The Amnesty Program of the Senator Fuels Debate

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Lead players across the political spectrum have offered a mixed reaction to a senator’s plan to award political prisoners parole in the color-coded wars as part of attempts to build national solidarity. Senator Kamnoon Sitthisamarn introduced the amnesty which claimed that it would forge national unity and curb far-reaching tensions exacerbated by years of political turmoil.

The problem was discussed at a Senate meeting on July 14, when the Upper House accepted a review of the advancement of the national strategy of the government and a briefing by a Senate committee appointed to promote the policy reform and introduce the national strategy action plans.

His initiative provides for the introduction of an amnesty bill to absolve crimes that have arisen during the last 15 years as a consequence of democratic demonstrations. Mr Kamnoon said the secret to resolving the political and social tensions was for criminals charged with stirring civil strife and accommodating demonstrations under the rule.

The disputes have deeply divided culture, with hundreds of suspects moving through the judicial proceedings in trials alleging socially charged crimes and several suspects even deceased. The new drive by Prime Minister Prayut Chan-o-cha under the slogan “Unify Thais to Develop the Country” would be made useless as long as certain political criminals are not brought to justice and their properties frozen and confiscated But if he succeeds to drive through an amnesty, that would further improve his political influence to proceed with the national policy.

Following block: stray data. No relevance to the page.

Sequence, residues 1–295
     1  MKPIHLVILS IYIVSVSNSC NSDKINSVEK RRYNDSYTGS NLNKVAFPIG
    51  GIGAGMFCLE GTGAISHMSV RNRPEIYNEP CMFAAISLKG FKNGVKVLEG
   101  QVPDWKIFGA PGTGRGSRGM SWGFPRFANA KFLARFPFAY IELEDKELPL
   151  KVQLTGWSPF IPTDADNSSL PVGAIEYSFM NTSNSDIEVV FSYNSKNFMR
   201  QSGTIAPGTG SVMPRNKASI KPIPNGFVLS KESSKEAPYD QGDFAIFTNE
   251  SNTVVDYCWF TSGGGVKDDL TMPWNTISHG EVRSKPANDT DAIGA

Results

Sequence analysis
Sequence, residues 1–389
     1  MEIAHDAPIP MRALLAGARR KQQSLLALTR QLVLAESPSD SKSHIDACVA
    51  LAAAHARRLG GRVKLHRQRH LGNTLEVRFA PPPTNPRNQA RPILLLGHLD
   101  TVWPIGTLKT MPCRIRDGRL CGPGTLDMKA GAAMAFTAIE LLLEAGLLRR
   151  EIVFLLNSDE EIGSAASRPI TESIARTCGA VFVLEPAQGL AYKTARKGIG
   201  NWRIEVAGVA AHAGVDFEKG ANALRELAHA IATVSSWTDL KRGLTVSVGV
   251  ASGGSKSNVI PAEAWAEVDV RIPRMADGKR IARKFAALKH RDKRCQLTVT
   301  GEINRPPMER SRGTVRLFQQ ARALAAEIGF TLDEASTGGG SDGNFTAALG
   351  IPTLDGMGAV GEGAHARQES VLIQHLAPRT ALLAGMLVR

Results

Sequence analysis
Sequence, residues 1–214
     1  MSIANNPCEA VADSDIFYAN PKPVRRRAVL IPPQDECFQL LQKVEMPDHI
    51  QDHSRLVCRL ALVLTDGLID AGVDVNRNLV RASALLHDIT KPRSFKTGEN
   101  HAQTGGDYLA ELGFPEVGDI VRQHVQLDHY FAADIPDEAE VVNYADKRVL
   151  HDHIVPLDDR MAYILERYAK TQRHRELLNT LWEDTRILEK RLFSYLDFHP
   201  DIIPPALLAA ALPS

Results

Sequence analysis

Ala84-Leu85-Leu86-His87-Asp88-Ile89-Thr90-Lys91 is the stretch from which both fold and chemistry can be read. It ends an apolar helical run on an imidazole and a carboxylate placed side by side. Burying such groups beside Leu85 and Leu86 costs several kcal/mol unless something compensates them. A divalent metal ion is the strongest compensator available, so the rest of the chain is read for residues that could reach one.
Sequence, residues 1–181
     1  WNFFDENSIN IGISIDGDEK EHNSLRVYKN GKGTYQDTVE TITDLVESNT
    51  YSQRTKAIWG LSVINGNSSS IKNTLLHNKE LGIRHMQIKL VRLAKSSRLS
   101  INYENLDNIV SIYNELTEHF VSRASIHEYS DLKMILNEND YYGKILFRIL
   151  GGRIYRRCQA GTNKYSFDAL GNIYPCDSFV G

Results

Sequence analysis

He said the amnesty would benefit protest leaders from all political groups, such as the now-defunctioning yellow-shirt People ‘s Alliance for Democracy (PAD), the red-shirt United Front for Democracy Against Dictatorship and the now-defunct People’s Democratic Reform Committee (PDRC). His suggested amnesty, though, does not include those convicted of wrongdoing or other felonies.

However, many convicted of violating Section 112 of the Criminal Code, also known as the Lese Majeste Act, are unable to apply either.

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